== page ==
When hot and cold tell lies – Four situations where hot feels cold or cold feels hot
Modified from Mahmoud Ibrahim
I wake up drenched in sweat and shivering. I feel so cold, that I pull the blankets up over my face, but when my hand touches my face it feels burning hot.
What’s going on? Is this all a fever dream? I have a fever and I’m over-heating, so the blazing skin and soaking sweat make sense, but why am I simultaneously shivering and clutching for the covers?
In honor of last weekend, which I spent unable to think of anything other than my fever, I’ll explain how temperature sensation works and four situations when your brain lies to you, and the sensation of temperature you feel is opposite of what you would expect: why chili peppers actually make you cold, how eating the wrong fish can make cold feel hot for months, and why people freezing to death strip their clothes off. (It’s also a good reminder to get your flu shot or else you might find your whole week shot, lying in your own sweat and barely able to get out of bed.)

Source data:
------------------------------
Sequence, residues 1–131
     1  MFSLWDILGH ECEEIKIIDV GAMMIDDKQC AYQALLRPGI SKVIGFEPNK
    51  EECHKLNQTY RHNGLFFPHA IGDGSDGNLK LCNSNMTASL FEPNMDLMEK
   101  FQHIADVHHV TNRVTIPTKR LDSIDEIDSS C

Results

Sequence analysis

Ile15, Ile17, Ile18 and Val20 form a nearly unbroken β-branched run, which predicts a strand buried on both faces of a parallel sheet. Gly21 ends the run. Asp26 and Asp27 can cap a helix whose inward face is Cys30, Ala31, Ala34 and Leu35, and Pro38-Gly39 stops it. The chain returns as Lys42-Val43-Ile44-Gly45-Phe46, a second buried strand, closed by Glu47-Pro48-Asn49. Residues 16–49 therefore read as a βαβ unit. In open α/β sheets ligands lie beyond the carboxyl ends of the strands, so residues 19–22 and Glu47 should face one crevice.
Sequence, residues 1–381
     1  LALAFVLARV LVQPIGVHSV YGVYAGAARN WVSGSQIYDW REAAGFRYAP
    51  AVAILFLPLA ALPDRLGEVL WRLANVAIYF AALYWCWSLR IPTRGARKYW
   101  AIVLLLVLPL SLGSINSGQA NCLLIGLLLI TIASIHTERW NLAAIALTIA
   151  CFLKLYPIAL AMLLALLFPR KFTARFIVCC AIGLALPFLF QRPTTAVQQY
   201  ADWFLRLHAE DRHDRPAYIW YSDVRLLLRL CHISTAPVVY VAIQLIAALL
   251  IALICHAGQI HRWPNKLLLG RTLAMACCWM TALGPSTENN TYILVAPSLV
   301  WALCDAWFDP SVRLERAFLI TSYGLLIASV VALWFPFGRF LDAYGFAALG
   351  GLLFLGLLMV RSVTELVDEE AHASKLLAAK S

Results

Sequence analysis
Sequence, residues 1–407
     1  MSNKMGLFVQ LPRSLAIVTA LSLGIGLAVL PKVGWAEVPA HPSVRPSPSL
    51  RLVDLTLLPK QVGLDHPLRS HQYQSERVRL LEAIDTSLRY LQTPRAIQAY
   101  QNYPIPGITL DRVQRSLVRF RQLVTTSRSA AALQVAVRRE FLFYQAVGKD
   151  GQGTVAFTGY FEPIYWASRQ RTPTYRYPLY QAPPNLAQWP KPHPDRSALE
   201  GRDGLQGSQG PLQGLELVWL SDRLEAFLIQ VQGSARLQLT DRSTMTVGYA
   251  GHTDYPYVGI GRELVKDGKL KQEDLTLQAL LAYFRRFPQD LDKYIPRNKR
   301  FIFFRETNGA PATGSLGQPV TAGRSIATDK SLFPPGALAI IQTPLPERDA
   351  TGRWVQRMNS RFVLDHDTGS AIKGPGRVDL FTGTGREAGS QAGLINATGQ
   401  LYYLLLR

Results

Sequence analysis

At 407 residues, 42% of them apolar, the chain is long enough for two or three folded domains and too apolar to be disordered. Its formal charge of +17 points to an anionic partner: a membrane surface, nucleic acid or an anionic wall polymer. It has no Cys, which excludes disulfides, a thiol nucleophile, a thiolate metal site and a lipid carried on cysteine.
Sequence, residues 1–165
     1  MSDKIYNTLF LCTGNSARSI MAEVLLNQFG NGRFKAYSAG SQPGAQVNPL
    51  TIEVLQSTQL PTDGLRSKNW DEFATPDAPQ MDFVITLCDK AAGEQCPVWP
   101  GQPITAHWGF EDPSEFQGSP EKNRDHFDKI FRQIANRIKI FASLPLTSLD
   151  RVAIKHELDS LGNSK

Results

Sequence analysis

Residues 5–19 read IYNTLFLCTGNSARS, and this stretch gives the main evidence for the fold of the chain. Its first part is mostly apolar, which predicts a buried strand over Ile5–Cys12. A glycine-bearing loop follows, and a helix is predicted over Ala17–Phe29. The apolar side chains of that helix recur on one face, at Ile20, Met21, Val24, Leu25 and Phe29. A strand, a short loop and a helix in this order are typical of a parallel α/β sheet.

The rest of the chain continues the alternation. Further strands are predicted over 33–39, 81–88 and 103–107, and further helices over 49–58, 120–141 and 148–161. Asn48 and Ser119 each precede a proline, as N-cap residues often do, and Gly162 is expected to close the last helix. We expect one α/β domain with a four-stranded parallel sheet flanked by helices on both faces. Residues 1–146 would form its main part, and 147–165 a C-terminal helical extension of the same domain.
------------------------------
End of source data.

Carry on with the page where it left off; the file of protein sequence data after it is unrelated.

Bacteria and viruses don’t cause fevers directly, but rather it’s the immune system’s response to those microbes and then the interaction between the immune system and brain that causes a fever. In response to certain infections, the immune system releases signaling molecules called pyrogens into the blood, which are read by the hypothalamus, a brain area, which you can think of as your body’s thermostat. These signaling molecules essentially turning up the temperature on the thermostat from 37°C (98.6 °F) to a higher temperature, and this higher temperature may help fight off bacteria and viruses.
In a normal healthy state if your body tries to maintain a homeostasis and keep your temperature at 37°C. If your temperature drops below 37°C, your hypothalamus senses this and initiates compensatory actions to raise the temperature, such as shivering, constricting vessels near the surface of the skin (so heat doesn’t escape), making your hair stand up (AKA goosebumps if you’re a normal person, AKA piloerection if you’re a scientist). Various heating and cooling responses are illustrated in this diagram: